Reportedly, the mTOR pathway is involved in the transcription of many genes in the sterol/cholesterol biosynthesis pathway, which are shared targets of the following transcription factors: sterol regulatory element binding transcription factor 1 (SREBP), SP1 transcription factor (SP1), and nuclear transcription factor Y subunit (NF-Y) in neurons [42] as well as programmed cell death 1 ligand 1/CD274 molecule (PD-L1) in gastric cancer organoids, which acts in a Hedgehog transcriptional effector glioma-associated oncogene homolog 1 (zinc finger protein) (GLI)-dependent manner [43]. mTOR is necessary to maintain mitochondrial oxidative function, and transcriptional complexes containing peroxisome proliferator-activated receptor gamma coactivator 1-α (PGC-1α) control mitochondrial oxidative function to maintain energy homeostasis in response to nutrient and hormonal signals [44]. The transcription factor yin-yang 1 (YY1) was identified as a common target of mTOR and PGC-1α, suggesting an important mechanism by which nutrient sensing affects the mTOR pathway and metabolic regulation through the transcriptional control of mitochondrial oxidative function [44]. Accordingly, clarifying the mechanism by which the mTOR pathway transcriptionally activates genes. In particular, the genes activated nutrient-deficient and low-oxygen environments, such as the cancer microenvironment observed in vivo, are expected to contain important target molecules regulated in the cancer microenvironment. Thus, the efficient suppression of such target genes is important for epoch-making drug discovery to control the KRAS-dependent and independent downstream signaling pathway, including PI3K and its related molecules (Figure 3).

3.3.2. KRAS Proto-Oncogene and GTPase (KRAS)-Dependent Oncogene V-myc Avian Myelocy-Tomatosis Viral Oncogene Homolog (C-MYC) Pathway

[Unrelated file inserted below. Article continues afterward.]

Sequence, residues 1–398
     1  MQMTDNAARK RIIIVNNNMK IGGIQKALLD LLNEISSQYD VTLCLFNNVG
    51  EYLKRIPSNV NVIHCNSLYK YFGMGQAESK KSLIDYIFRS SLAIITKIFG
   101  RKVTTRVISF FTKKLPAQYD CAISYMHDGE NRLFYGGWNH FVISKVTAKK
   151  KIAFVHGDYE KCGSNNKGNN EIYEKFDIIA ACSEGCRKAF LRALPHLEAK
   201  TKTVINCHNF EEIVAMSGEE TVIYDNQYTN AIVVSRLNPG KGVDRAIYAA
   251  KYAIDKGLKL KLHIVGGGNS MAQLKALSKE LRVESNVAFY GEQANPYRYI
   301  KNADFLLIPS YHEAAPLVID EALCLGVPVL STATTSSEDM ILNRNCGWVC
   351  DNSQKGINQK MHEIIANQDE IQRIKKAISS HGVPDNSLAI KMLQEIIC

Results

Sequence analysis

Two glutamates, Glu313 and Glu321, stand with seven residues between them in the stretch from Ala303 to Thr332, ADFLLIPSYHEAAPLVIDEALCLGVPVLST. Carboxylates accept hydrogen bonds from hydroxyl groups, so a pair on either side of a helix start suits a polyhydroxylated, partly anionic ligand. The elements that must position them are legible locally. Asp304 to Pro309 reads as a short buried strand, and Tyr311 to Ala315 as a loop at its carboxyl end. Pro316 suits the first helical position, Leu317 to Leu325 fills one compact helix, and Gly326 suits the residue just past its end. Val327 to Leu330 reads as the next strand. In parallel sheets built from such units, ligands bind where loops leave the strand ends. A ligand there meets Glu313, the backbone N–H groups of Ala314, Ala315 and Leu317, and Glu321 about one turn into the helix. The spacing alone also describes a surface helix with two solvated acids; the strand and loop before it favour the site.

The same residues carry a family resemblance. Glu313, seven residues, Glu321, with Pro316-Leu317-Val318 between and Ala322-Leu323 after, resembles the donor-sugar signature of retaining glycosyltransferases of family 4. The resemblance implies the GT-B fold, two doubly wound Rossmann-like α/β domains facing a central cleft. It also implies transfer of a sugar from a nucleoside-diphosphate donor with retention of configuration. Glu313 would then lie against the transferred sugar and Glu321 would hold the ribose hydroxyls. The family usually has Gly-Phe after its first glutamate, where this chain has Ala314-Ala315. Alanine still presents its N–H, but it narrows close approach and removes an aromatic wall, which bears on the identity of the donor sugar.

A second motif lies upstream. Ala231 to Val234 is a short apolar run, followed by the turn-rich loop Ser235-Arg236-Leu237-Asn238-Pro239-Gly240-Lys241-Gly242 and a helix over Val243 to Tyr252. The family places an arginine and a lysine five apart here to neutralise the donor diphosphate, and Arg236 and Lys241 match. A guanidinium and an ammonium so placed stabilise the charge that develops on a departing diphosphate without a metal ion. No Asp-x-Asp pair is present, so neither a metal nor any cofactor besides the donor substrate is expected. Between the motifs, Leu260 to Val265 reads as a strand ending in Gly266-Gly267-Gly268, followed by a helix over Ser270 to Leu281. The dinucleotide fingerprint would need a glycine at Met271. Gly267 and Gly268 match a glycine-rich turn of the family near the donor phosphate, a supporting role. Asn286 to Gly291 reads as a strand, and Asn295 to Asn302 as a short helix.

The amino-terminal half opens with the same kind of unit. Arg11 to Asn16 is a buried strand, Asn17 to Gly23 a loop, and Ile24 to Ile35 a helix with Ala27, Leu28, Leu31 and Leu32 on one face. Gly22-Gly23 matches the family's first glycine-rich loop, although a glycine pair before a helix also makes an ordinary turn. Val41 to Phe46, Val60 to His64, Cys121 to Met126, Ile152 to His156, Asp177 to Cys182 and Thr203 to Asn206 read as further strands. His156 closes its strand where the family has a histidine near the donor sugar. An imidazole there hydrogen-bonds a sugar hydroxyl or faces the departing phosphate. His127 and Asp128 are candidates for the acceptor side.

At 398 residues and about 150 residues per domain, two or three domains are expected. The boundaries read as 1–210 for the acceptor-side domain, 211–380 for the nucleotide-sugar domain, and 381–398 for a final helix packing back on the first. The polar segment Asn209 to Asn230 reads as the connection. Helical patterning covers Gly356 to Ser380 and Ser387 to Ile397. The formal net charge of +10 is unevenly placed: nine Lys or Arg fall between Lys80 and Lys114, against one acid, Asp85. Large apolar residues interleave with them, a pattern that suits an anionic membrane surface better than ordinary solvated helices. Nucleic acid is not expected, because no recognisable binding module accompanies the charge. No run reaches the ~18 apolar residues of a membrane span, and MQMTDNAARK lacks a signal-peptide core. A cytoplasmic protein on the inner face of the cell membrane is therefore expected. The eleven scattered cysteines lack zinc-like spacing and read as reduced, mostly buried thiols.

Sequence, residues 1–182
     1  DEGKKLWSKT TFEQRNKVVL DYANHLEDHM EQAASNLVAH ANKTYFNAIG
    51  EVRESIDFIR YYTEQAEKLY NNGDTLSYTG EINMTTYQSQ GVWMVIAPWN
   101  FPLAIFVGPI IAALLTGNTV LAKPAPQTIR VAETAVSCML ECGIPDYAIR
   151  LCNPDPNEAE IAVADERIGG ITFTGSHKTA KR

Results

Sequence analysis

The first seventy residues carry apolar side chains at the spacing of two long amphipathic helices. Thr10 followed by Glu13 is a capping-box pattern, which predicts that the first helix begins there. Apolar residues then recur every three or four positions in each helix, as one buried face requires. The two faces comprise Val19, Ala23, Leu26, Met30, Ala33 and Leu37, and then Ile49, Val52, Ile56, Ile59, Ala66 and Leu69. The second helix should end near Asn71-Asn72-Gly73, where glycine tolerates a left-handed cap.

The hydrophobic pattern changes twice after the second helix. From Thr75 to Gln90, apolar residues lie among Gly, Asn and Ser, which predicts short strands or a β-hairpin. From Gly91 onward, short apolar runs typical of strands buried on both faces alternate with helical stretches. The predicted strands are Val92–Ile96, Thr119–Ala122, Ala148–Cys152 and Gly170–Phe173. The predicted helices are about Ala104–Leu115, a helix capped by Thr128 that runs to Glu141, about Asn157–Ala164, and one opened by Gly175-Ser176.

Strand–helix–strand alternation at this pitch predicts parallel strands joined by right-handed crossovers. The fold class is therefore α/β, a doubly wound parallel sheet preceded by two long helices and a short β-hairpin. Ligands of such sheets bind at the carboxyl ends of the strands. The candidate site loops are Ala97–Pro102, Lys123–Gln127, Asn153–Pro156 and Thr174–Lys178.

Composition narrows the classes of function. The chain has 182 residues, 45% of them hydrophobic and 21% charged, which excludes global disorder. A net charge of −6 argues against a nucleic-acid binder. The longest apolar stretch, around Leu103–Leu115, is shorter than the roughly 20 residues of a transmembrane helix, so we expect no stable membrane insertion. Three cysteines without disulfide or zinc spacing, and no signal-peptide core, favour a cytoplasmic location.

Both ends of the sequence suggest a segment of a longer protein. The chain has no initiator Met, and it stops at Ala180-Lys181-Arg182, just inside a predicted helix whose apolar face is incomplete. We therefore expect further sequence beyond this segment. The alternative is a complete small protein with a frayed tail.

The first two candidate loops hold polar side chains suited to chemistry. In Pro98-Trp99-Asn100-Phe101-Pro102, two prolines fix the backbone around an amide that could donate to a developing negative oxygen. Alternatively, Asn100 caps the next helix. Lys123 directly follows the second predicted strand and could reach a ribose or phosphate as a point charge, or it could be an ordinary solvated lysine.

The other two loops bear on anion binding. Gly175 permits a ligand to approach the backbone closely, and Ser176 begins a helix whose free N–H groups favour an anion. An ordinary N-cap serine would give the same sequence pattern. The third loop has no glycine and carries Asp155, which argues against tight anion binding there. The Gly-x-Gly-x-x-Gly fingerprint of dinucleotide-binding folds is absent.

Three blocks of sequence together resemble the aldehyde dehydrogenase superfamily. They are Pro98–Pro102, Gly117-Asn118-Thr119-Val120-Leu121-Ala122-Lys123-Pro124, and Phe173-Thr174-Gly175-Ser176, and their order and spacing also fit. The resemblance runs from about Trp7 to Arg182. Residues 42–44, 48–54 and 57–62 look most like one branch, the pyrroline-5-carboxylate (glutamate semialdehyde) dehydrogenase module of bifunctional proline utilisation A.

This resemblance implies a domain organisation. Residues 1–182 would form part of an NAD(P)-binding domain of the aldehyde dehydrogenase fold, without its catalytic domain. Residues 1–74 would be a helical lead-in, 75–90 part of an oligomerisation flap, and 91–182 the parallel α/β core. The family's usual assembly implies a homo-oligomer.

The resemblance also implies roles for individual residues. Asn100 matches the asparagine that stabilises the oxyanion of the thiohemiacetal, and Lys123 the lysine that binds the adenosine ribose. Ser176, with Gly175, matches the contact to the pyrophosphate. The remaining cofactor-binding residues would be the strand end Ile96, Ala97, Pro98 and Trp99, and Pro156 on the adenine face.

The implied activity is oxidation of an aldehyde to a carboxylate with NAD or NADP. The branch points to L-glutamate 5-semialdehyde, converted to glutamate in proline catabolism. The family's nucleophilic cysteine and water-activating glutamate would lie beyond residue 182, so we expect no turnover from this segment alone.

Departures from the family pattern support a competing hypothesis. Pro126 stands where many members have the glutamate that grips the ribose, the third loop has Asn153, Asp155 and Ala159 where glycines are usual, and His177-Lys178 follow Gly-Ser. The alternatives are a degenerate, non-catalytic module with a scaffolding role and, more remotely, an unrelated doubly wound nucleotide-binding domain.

The oncogene V-myc avian myelocytomatosis viral oncogene homolog (c-MYC) is the downstream target of KRAS. c-MYC interacts with several oncogenic and proliferative pathways in PDAC [45], and its overexpression is a common characteristic of PDAC. It predicts the aggressive behavior of cancer cells, as shown by in vitro cell culture and in vivo murine models of human cancer cells [45]. The KRAS and c-Myc pathways induce glycolysis dysregulation as represented by the Warburg effect, a biochemical phenomenon in cancer cells [46] and a hallmark of cancer [3,4]. The Warburg effect reveals the different metabolic but unique metabolic patterns with the characteristic of plasticity [47]. Interacting with retinoblastoma (RB)-associated protein 1 (E2F1), c-Myc induces genes involved in nucleotide metabolism and DNA replication [48,49]. In addition, microRNAs homeostatically attenuate the E2F1 expression [48]. The RB inactivation during cancer progression facilitates the G1–S transition of the cell cycle but also enhances malignancy characteristics, including drug sensitivity alterations [48,49]. In contrast, the RB inactivation enhances pro-inflammatory signaling through stimulation of the interleukin-6/STAT3 pathway, suggesting that the oncogenic KRAS and c-Myc pathways and tumor suppressive TP53 and RB pathways are collectively involved in the control of cancer metabolism [49]. Further, small molecules that hinder c-Myc-MAX heterodimerization or c-Myc/Myc associated factor X (MAX)/DNA complex formation can functionally inhibit c-Myc, implying that the targeting c-Myc can be achieved through transcriptional, post-transcriptional, and translational modifications in the treatment of PDAC [45].